Home > Cooking > Cook, Pop, Cook: Galbi Jjim

Cook, Pop, Cook: Galbi Jjim

As a disclaimer, I’ll say this recipe is not for the faint of heart. I normally try to cook healthy recipes for my family; this isn’t one of them. The beef isn’t lean and discarding the fat is a no no. So if you’re not a fan of braised fat or eating meat off the bone we are friends off you’re not going to like this recipe much.

Korean BBQ is pretty popular in most Metropolitan areas, so most people are familiar with galbi – Korean beef short ribs. Served bone-in or cut into cubes, the beef is usually grilled over high heat and results in juicy meat and chewy tendons. Not as many people are familiar with galbi jjim – braised Korean short ribs (jjim is a method of cooking where meat is steamed or boiled). This is because most restaurants don’t serve galbi jjim. In fact, it’s usually a dish reserved for special occasions like weddings. The braising results in meat that is fall-off-the-bone tender and the tendon becomes like butter. So crash a Korean wedding if you’d like to try it. Or just follow my recipe. After all, what occasion is more special than a family dinner? Don’t you love your family enough to make this for them?

Galbi Jjim

To make this recipe, it’s easiest to visit an Asian grocer. If there’s not one near you, you could try to get the short ribs English cut at your grocery store or butcher. The other ingredients are wine, radish, carrots, soy sauce, sugar, and rice vinegar – all of which should be available at your grocer. Some other ingredients people put in are shiitake mushrooms, pine nuts, chestnuts or jujubes.

As vaunted as this dish is, it’s pretty easy to make. The vegetables are chopped into large chunks so you don’t need any knife skills. The beef is stewed so you don’t need to worry about overcooking it or making nice grill marks. The only complication is you need to soak the meat repeatedly, so you’ll have a few large bowls to wash afterward.

Enough talk. Let’s begin.

If you’re in the DMV, and particularly near Silver Spring, go to Korean Korner (Viers Mill & Randolph). Most Koreans in the area know that they have the best meats for Korean food. I’m not sure why; this is just the rumor, and if you know Koreans, rumors are as good as facts. I didn’t have a chance to get out to KK, so I had to settle for an Asian grocer near our home and the beef wasn’t nearly as good.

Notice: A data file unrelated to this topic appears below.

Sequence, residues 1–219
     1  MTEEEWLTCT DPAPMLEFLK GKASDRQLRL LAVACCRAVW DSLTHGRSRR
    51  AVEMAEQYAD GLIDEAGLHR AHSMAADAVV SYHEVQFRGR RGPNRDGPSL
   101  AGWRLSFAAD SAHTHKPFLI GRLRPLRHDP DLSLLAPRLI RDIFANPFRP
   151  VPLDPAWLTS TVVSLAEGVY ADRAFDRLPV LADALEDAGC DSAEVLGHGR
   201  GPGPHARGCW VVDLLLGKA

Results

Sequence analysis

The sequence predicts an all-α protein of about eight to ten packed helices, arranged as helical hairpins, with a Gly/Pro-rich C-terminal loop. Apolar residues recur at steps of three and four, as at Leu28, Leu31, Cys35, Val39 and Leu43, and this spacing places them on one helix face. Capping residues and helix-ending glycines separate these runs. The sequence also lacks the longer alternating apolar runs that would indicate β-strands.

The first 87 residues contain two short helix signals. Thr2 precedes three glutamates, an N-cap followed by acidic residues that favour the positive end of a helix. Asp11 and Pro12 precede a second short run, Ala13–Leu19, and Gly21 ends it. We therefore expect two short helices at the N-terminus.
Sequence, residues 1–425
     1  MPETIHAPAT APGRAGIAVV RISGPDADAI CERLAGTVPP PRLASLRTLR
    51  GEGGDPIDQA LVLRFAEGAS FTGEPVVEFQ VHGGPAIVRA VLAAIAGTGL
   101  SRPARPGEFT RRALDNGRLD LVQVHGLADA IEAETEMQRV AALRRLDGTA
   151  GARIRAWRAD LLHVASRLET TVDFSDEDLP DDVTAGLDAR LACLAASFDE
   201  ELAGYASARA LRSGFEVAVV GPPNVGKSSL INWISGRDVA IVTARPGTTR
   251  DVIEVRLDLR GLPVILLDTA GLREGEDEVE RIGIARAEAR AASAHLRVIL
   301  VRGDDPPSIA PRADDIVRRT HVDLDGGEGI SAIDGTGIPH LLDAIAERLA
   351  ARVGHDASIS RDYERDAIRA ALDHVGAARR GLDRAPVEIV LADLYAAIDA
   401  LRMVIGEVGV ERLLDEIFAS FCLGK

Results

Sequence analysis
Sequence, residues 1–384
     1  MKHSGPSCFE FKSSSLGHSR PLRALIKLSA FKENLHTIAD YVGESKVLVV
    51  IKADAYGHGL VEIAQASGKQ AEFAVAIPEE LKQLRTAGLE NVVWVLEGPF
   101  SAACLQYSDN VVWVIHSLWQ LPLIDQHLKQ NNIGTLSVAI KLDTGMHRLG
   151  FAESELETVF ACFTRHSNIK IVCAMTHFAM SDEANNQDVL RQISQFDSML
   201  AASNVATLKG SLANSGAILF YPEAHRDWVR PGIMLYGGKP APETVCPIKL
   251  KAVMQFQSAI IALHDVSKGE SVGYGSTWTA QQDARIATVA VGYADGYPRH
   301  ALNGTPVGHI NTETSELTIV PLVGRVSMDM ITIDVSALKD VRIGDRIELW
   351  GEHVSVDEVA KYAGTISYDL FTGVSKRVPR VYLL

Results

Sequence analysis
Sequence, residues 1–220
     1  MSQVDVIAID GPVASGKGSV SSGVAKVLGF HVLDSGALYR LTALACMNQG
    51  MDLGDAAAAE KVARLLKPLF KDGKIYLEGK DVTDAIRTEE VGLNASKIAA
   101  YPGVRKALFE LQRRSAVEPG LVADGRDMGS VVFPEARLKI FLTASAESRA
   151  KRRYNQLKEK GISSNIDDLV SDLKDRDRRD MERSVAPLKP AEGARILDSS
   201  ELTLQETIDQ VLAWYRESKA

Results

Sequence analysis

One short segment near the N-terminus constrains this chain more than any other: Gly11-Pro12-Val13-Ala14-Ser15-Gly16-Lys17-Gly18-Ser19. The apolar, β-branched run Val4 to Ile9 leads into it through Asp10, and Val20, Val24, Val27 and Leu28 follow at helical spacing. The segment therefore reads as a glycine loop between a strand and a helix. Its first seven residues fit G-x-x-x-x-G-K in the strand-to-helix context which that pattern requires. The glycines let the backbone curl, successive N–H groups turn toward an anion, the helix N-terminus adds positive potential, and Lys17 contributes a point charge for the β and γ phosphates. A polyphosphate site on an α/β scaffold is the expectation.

Typically, you’re looking at $3-$5/lb for English cut ribs. Since it’s served with the vegetables and rice, you can usually plan on 0.5/lb per person; 1+lb/person if you’re feeding ravenous carnivores. This recipe is for 2+lbs of ribs – scale accordingly.

2lbs @ $3.29/lb

Put the beef into a large bowl and soak them in cold water for at least 30 minutes. As I said before, I’m not really sure why Koreans/Asians soak beef–probably to do with getting rid of the blood–but I’m a pretty obedient Korean boy, so when momma says soak the beef, I’m gonna soak the beef.

Goin' for a soak

While that’s soaking, make the marinade: 6TBS rice vinegar, 6TBS of red wine, 4TBS of sugar. Dissolve as much of the sugar as possible.

Rice vinegar, red wine and sugar

Drain the water from the beef. Throw the beef into a bowl–I usually like to use a new bowl for the marinating, but you can reuse the same bowl if you’d like–and pour the marinade over top. Now fill the bowl with water until the beef is fully covered. Give that a soak for 30 minutes.  If you’d like to reduce that time, increase the ingredients in the marinade proportionally and use less water to cover the beef.

Goin' for another soak

As the soakin’ time for the beef comes to an end, it’s time for it to get in the hot tub! Boil a large pot of water, drain the marinade from the beef and throw the meat into the bowling water and boil for 10 minutes. Drain the beef and rinse it in cold water and remove any loose pieces of fat, if you’re so inclined.

If you have a dutch oven–we have a Member’s Mark dutch oven, which was $38–heat it over medium heat; otherwise, use a large pot. Once the dutch oven is hot, put the beef in and sear it.

Searing the beef

While the beef sears, prepare the sauce: 2C water, 5TBS soy sauce, 5TBS red wine, 5 cloves of garlic minced, 2TBS rice vinegar, 2TBS agave nectar (or brown sugar), 1TBS garlic powder, and 1 green onion sliced.

Galbi jjim sauce

After 3 minutes of searing, mix the beef around and sear for another 3 minutes. Then throw in the sauce – don’t worry if the sauce doesn’t fully cover the beef. SIZZLE!

In the hot tub, poppin' bubbly

Put the lid on and let that cook over medium heat for about 30 minutes.

While that’s boiling cut up 1lb of radish and 3-medium carrots. If you’d like, add 1/2 an onion. I usually love cooked/caramelized onions, but they become a little too soggy for me in this dish. I like to add 3 green Korean peppers – you can find them at most Korean grocers and they’re not spicy at all.


Here’s the galbi jjim after 30 minutes.

30 minutes of cooking

Some people like to put the veggies in with 30 minutes left in the cooking time; I like to put them in for at least an hour because the radish and carrots absorb all the flavor. Throw in the veggies – once again, don’t worry if the sauce doesn’t fully cover the ingredients. Mix well.

Everyone in the pool!

Over medium heat, bring that to a boil. Then lower the heat and simmer for an hour, stirring from time to time.

Halfway through, you can add potatoes or mushrooms if you’d like.